Service charge

SBAS pilot service scheduled for December for safe aircraft flight with fixed GPS signals

[Courtesy of the Ministry of Land, Infrastructure and Transport]

SEOUL – South Korea will provide pilot service for the safe flight of aircraft by correcting GPS errors in real time likely in December 2022 using the first dedicated satellite for its Independent Satellite-Based Augmentation System (SBAS) . It is an international standard system that provides accurate location information via satellite.

The Malaysian communication satellite MEASAT-3d has been leased for 15 years. The European heavy space launcher Ariane 5 carrying the MEASAT-3d satellite equipped with a transponder for the South Korean SBAS service will be launched from a space center in French Guiana in June, according to the Ministry of Land, Infrastructure and Transport.

As GPS signals descend to Earth from space, layers of the atmosphere refract and slightly delay the signals, interfering with distance solutions from the ground-based GPS receiver to the satellite, resulting in position errors of several meters. The performance of global navigation satellite systems such as GPS can be enhanced by SBAS. Using measurements from ground stations, correction messages are created and sent to one or more satellites for broadcast to end users as differential signals.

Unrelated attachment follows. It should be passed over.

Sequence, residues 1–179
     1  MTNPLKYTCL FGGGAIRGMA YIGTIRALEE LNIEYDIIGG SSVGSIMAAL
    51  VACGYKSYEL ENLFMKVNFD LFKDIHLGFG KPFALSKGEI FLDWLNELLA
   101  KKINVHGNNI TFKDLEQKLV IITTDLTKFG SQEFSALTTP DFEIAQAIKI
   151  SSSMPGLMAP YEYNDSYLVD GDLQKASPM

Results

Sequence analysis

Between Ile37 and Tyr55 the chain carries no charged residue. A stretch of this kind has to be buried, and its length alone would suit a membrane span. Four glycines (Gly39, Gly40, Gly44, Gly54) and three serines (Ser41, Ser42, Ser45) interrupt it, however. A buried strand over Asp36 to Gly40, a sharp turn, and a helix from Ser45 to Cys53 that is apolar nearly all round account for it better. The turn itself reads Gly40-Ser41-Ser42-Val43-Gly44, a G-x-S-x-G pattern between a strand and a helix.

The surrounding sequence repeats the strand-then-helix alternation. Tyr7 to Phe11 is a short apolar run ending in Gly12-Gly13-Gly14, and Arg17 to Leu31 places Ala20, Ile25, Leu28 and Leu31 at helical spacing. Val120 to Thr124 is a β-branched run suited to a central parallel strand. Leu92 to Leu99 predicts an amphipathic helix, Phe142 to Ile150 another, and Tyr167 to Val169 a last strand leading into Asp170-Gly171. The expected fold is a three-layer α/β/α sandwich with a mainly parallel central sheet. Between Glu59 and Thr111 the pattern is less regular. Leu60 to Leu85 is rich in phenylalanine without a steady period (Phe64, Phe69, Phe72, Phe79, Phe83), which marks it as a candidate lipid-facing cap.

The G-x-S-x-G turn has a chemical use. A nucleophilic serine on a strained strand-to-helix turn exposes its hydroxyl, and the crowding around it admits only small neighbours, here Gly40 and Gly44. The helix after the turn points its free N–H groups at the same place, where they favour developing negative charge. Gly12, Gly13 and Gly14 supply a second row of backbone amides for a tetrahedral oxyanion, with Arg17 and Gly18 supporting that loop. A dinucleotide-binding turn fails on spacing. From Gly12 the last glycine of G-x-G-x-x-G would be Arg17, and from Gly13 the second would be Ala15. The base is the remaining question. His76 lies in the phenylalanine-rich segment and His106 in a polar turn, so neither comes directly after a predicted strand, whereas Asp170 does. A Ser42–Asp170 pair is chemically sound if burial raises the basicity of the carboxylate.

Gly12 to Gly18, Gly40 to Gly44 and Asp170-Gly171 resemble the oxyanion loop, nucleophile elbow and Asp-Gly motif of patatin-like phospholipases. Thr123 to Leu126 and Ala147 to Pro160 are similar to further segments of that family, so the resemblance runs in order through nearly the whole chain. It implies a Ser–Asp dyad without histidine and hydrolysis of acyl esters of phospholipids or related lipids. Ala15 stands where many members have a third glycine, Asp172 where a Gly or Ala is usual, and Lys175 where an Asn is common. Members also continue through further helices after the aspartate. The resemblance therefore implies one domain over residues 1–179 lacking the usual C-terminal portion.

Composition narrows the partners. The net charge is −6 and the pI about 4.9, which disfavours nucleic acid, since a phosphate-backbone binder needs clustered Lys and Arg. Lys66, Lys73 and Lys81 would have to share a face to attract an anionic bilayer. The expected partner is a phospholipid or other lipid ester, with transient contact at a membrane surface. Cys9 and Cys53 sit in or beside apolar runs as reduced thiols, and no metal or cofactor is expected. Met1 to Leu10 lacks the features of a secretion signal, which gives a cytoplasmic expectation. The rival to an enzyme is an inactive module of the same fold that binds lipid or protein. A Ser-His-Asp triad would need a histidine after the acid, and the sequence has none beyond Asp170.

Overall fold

SBAS is essential for applications where accuracy and integrity are essential. In the aviation sector, GPS does not meet the strict operational requirements set by the International Civil Aviation Organization (ICAO) for use in such critical stages of flight as final approaches. With the addition of SBAS, ICAO standards are met.

South Korea is the seventh country to join an ICAO campaign for the spread of SBAS by developing the Korean Augmentation Satellite System (KASS), following the United States, European Union, India, Japan, Russia and China. A roadmap, presented at a meeting of government officials and experts from state research organizations, universities and Korean Air on April 28, calls for a pilot SBAS service starting in December 2022. Full service is due to start in late 2023 after system security and reliability. are checked.

The ministry aims to launch a second satellite in 2025 and the third in 2027. “We will do our utmost to make final preparations for the successful launch of the first satellite and to upgrade KASS and leapfrog as a powerhouse. aeronautics in the future,” Joo Jong-wan, a ministry official responsible for airport policy, said in a statement.

Since 2014, some 128 billion won ($101 million) has been invested in setting up ground infrastructure including seven reference stations, two satellite communication stations and two integrated operating stations, the ministry said, adding that tests have been carried out in the country and in France.

South Korea will try to locate the core technologies and launch more satellites for the implementation of the Korean Positioning System (KPS) by 2035. SBAS and KPS can be applied to autonomous driving, vehicles unmanned aircraft, precision maritime operations and precision missile strikes.

KPS is based on seven satellites that can provide independent positioning and navigation signals over an area spanning a radius of 1,000 km around Seoul. The goal is to prove an ultra-accurate location data service and reduce the range of positioning error in its service area to less than one meter. The KPS is essential for national security and the development of new technologies such as personal air vehicles and air taxis. In June 2021, the United States agreed to provide assistance for the development of the KPS.

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